Recently, you wrote a question to your Christian community asking individuals whether or not they would attend a friend’s “gay wedding.” In answering your own question, you state that you would attend. You say “I believe I could attend a gay friend’s wedding without explicitly endorsing the union… It is not to endorse a lifestyle but to love a person in hopes of seeing him or her become a disciple of Jesus. Would this tarnish my reputation? It might, but it’s a decision, I believe, I could make in clear conscience with the Spirit.”
No, Mr. Orme, you would not be tarnished. Upon receiving such an invitation, you should be honored. The couple that invited you did not do so for you to teach anything. They invited you so you could learn about, appreciate and revere the deep and abiding commitment that they feel for each other. They’re inviting you to come experience how they promise to be by each other’s side for life, to help each other grow more deeply than they ever thought possible. They are inviting you to come witness that they would die on the other’s behalf.
With what they are giving to you, if you can only think about yourself, I , if I were in control, would have you just stay home.
You see, the real question that should be asked is: “Should They Invite a Homophobic Judgmental Christian to Their Same Sex Wedding?”
If it were up to me, I would say “no” for all the couples I have married. These couples were stellar, beautiful, vulnerable, strong and inspiring. I would not want your arrogance to blot their light and love in any way.
But. here’s the thing. They, to a couple, would have invited you, even with your superior attitude, and would welcome you with open arms. In their hearts, they would hope that by witnessing their love, your own heart would open up. They would even be willing for that not to happen, just on the off chance that it might.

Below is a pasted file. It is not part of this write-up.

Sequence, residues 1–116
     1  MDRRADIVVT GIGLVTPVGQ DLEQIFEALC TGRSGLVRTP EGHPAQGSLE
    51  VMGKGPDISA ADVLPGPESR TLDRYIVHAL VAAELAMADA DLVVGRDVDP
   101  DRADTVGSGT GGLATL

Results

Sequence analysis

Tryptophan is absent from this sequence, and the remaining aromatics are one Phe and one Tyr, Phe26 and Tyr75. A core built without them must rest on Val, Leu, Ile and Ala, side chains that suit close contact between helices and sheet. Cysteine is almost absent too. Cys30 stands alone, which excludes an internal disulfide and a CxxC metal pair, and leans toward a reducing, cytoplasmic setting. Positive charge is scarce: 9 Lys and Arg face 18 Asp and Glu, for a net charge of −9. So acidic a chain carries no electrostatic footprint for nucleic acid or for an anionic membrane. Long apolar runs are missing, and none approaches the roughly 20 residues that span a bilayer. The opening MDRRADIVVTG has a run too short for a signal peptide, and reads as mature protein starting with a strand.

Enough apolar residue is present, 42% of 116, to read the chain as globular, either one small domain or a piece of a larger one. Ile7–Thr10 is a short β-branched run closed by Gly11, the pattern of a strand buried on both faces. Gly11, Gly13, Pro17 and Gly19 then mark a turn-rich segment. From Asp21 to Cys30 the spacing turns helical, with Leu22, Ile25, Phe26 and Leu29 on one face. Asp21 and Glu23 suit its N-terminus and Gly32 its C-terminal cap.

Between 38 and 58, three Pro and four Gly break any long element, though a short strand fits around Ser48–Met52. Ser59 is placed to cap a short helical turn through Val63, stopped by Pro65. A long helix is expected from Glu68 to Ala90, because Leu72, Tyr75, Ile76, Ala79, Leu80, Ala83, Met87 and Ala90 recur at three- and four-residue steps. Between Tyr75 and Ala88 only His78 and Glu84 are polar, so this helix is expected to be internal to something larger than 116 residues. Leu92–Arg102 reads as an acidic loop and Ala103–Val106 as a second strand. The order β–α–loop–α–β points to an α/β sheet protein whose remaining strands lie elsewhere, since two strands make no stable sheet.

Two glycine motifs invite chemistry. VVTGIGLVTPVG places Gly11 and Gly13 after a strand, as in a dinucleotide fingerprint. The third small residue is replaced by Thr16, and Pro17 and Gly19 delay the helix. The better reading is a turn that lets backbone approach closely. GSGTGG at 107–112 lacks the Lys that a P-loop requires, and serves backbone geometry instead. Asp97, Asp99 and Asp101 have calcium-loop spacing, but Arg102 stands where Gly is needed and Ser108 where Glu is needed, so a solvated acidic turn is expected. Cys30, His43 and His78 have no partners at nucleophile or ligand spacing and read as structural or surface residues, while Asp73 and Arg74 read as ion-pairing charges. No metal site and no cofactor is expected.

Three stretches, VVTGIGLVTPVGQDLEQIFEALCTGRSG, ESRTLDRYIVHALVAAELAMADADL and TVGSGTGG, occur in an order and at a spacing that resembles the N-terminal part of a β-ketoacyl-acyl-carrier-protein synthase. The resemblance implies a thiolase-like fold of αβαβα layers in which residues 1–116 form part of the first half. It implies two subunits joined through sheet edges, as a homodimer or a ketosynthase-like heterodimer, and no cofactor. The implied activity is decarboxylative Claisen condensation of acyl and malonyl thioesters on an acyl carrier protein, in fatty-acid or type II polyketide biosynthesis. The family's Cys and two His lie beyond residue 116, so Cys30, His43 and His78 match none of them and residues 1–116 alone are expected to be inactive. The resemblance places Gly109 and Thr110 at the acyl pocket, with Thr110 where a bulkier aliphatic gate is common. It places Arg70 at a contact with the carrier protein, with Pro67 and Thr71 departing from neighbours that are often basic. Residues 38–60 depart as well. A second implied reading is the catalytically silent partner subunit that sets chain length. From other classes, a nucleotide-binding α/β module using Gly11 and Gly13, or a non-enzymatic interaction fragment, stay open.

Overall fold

You see, in that moment of love and joy, they would be better vessels of Christ love than I am.
They are certainly better representatives of love than you are.
One of my fellow gay dads shared this with me. Brian Copeland reported, “I invited a woman who was anti-marriage equality to our 2008 wedding. She came because she loves me. When she returned to her work the following Monday, she told her co-workers about the wedding. She was subjected to the most horrible judgment. They condemned her, and treated her like crap. That completely opened her eyes to how she and others had made me feel throughout the years. From that day she was a changed person, asserting to everyone who would listen ‘You weren’t there to see the love like I was. All I know is that God and love were both in that wedding, and that cannot be wrong.’ She took more away from our wedding than anyone.”
So, if you get that invitation, be grateful that they did not ask MY question, or answer it with MY answer. Most certainly, YOUR question should not even cross your mind. Just check “yes” and notify your “plus one.”
Then go and listen. Go and let the feeling wash over your heart. At some point in that ceremony, God will reach you and have you understand what loving your brother really is all about, that it is not for the couple being married at all. It is for you.
In that moment you will not be humbled or bold.
You will be blessed.
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Photo: Flickr/erin m